The president of South Australian Road Transport Association, Steve Shearer, was annoyed that his and other transport organisations were not invited or not told about last week's summit.
They included the National Heavy Vehicle Regulator, Australian Trucking Association and the National Road Transport Association.
Mr Shearer claimed they had been left out.
"The union only wants to work with people who agree precisely with what the union wants," he said
"It looks very much like the unions had a summit with its friends and nobody else, now that's not a credible summit.
"It wouldn't deal properly with the issues."
The TWU said other transport groups were invited but could not attend the summit.
It had arranged later meetings to inform them of the summit's outcomes while acknowledging their importance toward a safer heavy transport industry.
Tribunal needs to 'eliminate tight scheduling'
The Macquarie University report said a tribunal was needed to eliminate tight scheduling, unpaid work and inadequate pay rates.
The report included a survey of truck drivers which found 80 per cent worked more than 50 hours per week with some working more than 80 hours.
It also found some owner-drivers were reluctant to refuse an unsafe load.
Current regulations meant a driver could log up to 72 driving-hours in a week while extra accreditation provided for a driver to log up to 84 hours in a seven-day period.
Mr Shearer said the weekly limits were created with help from fatigue researchers and had seen serious injury and fatality rates fall dramatically since their introduction.
Could you be the next Outback Truckers star?
Could you be the next Yogi? Outback Truckers is definitely an entertaining watch, truckie or not, and they're on the lookout for drivers!
The producers of Outback Truckers are on the lookout for owner-drivers that operate in rural areas and cart difficult freight.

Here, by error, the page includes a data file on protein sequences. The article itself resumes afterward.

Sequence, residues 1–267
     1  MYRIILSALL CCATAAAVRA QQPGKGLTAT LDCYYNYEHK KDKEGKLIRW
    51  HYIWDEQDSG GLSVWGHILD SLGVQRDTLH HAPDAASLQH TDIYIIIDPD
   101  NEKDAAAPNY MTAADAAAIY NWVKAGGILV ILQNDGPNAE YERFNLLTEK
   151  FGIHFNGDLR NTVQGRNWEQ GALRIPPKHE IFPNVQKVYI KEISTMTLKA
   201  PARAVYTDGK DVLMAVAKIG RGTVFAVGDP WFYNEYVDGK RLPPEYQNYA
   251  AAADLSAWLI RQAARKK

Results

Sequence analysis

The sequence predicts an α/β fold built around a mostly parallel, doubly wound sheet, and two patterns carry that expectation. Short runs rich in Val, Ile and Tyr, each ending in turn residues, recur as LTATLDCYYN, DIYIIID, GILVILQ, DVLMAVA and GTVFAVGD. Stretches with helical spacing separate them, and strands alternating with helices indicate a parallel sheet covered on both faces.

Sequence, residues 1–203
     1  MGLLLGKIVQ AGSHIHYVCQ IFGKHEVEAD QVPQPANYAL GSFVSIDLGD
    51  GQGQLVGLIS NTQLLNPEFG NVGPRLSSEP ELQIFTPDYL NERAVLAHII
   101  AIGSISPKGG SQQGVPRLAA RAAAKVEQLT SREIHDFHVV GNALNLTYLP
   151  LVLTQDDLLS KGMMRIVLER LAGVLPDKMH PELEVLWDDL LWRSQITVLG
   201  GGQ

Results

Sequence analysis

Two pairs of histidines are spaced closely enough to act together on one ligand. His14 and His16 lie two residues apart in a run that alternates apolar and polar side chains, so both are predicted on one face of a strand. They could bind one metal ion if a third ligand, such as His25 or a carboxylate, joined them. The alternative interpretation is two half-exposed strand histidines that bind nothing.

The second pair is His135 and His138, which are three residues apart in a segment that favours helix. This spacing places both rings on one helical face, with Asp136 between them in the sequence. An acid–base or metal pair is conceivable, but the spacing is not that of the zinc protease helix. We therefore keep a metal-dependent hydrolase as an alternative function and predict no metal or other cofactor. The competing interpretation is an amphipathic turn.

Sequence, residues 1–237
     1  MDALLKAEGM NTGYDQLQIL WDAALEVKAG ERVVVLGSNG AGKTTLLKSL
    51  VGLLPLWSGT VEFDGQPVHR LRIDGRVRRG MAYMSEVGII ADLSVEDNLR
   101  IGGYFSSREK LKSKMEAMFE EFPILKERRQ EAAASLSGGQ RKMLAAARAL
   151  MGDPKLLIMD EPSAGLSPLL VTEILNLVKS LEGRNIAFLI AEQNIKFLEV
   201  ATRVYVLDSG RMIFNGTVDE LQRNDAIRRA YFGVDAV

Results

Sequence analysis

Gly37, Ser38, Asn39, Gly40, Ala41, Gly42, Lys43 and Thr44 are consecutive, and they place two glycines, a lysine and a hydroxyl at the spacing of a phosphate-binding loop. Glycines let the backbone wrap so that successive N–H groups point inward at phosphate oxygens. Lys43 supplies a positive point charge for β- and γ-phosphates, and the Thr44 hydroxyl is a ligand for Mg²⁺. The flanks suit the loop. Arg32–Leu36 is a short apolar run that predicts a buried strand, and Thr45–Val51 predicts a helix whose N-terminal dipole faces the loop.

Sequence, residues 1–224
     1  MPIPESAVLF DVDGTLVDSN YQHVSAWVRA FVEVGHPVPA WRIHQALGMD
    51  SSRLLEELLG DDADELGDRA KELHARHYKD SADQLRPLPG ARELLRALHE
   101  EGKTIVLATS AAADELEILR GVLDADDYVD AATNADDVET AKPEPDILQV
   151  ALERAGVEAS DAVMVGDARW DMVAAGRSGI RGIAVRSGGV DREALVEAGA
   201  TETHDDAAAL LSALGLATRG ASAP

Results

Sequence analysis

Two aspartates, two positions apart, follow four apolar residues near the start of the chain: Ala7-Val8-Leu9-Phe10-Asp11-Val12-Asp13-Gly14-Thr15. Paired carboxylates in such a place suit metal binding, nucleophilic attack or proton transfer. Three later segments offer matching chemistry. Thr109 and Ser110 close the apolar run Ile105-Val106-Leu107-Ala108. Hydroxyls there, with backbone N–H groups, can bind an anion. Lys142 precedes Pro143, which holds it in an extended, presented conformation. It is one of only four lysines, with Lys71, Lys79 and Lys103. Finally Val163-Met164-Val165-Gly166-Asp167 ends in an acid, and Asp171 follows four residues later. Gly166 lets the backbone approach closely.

The call out for talent comes as Season 5 approaches.
The below post was shared to the Owner//Driver Facebook page and if you're interested, we would recommend you comment on the post or send a message to the Outback Truckers - Official Facebook page.
NHVR pushes to modernise heavy vehicle modifications
National regulator calls to industry for feedback, in a bid to modernise heavy vehicle modifications
The National Heavy Vehicle Regulator (NHVR) seeks feedback from the transport industry on today's updated draft of the Vehicle Standards Bulletin (VSB) 6: National Code of Practice for Heavy Vehicle Modifications.
NHVR safety director Daniel Elkins says VSB6 sets the national standard for common modifications performed to heavy vehicles.
The proposed changes substantially modernise VSB6 to guide industry through common modifications performed to heavy vehicles," Elkins says.
"We want to hear more from industry on how we can make it easier for the heavy vehicle industry to modify their vehicles, this is an industry standard so their input is critical.
"As the national standard, VSB6 is used throughout Australia by individuals involved in the modification of heavy vehicles."
Elkins insists it ensures modified heavy vehicles are safe and that they comply with relevant Australian Design Rules (ADR's) and in-service vehicle standards regulations.
"In July 2015, we commenced a comprehensive review of VSB6," he adds.
"This was conducted in partnership with modification experts, state and territory transport authorities vehicle and component manufacturers and national industry associations.
"We focused on ensuring VSB6 represents the professional nature of the industry, adopts performance based requirements that are clear, reflects current vehicle design and construction, and allows for certification of a wide range of common modifications."
The draft VSB6 will be available for review until March 17. The public consultation draft is available at www.nhvr.gov.au/VSB6.
Pluto LNG to be trucked to Pilbara mines
Woodside chief executive Peter Coleman told WestBusiness yesterday that design work had started for a facility to load trucks with LNG at the company’s Pluto plant, near Karratha.
It is part of a staged development of new markets designed to give Woodside greater control over the market for its fuels.
Mr Coleman said LNG was traditionally delivered in a big ship, into big tanks and then into big pipelines.
Woodside looked at alternative markets and found latent demand for LNG partly driven by the desire to reduce pollution and greenhouse gas emissions.
“The product was highly sought after but not accessible,” he said.
For new markets the industry needed to “break bulk” and deliver LNG in the quantities customers wanted.
“It is no use ... telling them what they should do. What you’ve got to do is actually demonstrate it,” he said.
The first tangible demonstration of the market shift arrives in Australia soon — an LNG-powered marine support vessel to join Woodside’s fleet.